my favourite cookbooks of 2016
I love a new cookbook. That bit where I settle down in the evening with a batch of post-it notes, leaving little reminders poking out of the top is a great feeling, excited with inspiration for future meals.
To me, this year seems slightly muted. The era of the mass-produced celeb chef book appears to be moving on. Joe Wicks is an excellent new talent, and baking manuals are steadfast, but the days of Jamie, Hugh and Gordon duelling for the top spot are nowhere in sight. Maybe everyone now Googles any recipe they want, then move on? I feel a study coming on…
As in previous years, several books have come my way. Some stick around and some move on. Missed my round-ups from before? Here they are:
However, here’s my favourite books of 2016. If you’re looking for a cookbook gift for that foodie someone in your life, you could do worse than buying one of these!
Low-sodium dieters, look away now. Mark Bitterman, the expert on salt, launches a bible on using salt in cooking. It’s an impressively detailed look at salt, varieties of salt, and how to maximise the flavour of the different types. I particularly like the exhaustive table in the front describing how to match food preparation with the right salt. The recipes are a world tour of flavours and technique, but the tone is very macho; it’s not a delicate, feminine book. Well worth seeking out.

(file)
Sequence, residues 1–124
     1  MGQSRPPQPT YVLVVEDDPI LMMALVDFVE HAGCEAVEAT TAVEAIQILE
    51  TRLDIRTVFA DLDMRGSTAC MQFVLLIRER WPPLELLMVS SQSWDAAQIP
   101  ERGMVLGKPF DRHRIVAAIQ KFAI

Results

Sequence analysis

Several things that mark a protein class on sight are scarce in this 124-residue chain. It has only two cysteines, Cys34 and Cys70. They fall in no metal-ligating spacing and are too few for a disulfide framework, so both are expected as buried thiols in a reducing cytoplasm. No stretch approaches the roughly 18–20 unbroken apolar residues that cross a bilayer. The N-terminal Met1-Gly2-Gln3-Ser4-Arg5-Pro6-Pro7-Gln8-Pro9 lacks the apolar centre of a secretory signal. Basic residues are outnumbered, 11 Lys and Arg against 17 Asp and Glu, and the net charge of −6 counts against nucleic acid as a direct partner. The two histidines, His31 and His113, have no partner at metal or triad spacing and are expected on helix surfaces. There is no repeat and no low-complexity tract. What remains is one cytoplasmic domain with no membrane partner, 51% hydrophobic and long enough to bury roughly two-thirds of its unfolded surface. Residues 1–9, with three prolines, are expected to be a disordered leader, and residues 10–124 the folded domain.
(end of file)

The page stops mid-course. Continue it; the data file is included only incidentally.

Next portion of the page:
Ah Felicity. I’ve been reading her Perfect… column in the Guardian for years and I absolutely love it. It’s my go-to these days when recreating a classic. This book is an admitted chance to break free and just cook all the things she wants and the joy is unconfined on the page. There’s a shout out for MiMi Aye’s Noodle! and a large section on potatoes so it was always going to be a winner with me. In fact, if it was just the potato chapter this book would be in the same position. But that’s a dis-service to all the wonderful recipes in this book, many of which I’ve made over and over again.
There may well be some bias here. I was over the moon meeting Antonio Carluccio earlier this year, entertaining us with his theories on life and food. When his book came out this Autumn I rushed out to buy it on launch day. I can’t recall the last book, DVD or film I did that for. And I wasn’t disappointed. It’s packed with minimum of fuss / maximum of flavour recipes that are sure to delight. Flick to any page and you’ll find something worth cooking. The potato cake, dense with ham and cheese and crisp with breadcrumbs, has quickly become a staple in my house. Just divine cooking from the master of simplicity.
That was my year in cookbooks – what were your favourite books this year?
Other cookbooks you might want to buy (chosen by Amazon):